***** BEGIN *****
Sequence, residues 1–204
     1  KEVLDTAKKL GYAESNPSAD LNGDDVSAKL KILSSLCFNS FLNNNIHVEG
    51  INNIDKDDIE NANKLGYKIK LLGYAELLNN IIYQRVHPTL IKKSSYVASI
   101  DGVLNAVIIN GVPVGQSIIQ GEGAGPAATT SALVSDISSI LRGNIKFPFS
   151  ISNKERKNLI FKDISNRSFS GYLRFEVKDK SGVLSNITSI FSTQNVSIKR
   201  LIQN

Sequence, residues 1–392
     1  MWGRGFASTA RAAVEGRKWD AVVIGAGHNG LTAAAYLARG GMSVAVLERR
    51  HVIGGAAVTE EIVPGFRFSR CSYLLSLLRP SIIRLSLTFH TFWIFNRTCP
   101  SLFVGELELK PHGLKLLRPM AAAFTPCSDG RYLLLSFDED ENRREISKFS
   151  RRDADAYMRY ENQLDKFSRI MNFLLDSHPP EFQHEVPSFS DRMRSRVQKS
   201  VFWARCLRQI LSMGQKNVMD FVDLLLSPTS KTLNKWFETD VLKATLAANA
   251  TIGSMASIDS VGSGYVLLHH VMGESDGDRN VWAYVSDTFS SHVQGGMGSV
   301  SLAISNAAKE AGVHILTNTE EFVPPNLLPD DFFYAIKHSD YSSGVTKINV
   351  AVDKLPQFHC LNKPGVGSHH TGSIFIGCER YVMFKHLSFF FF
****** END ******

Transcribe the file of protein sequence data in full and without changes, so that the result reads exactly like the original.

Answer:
Sequence, residues 1–204
     1  KEVLDTAKKL GYAESNPSAD LNGDDVSAKL KILSSLCFNS FLNNNIHVEG
    51  INNIDKDDIE NANKLGYKIK LLGYAELLNN IIYQRVHPTL IKKSSYVASI
   101  DGVLNAVIIN GVPVGQSIIQ GEGAGPAATT SALVSDISSI LRGNIKFPFS
   151  ISNKERKNLI FKDISNRSFS GYLRFEVKDK SGVLSNITSI FSTQNVSIKR
   201  LIQN

Sequence, residues 1–392
     1  MWGRGFASTA RAAVEGRKWD AVVIGAGHNG LTAAAYLARG GMSVAVLERR
    51  HVIGGAAVTE EIVPGFRFSR CSYLLSLLRP SIIRLSLTFH TFWIFNRTCP
   101  SLFVGELELK PHGLKLLRPM AAAFTPCSDG RYLLLSFDED ENRREISKFS
   151  RRDADAYMRY ENQLDKFSRI MNFLLDSHPP EFQHEVPSFS DRMRSRVQKS
   201  VFWARCLRQI LSMGQKNVMD FVDLLLSPTS KTLNKWFETD VLKATLAANA
   251  TIGSMASIDS VGSGYVLLHH VMGESDGDRN VWAYVSDTFS SHVQGGMGSV
   301  SLAISNAAKE AGVHILTNTE EFVPPNLLPD DFFYAIKHSD YSSGVTKINV
   351  AVDKLPQFHC LNKPGVGSHH TGSIFIGCER YVMFKHLSFF FF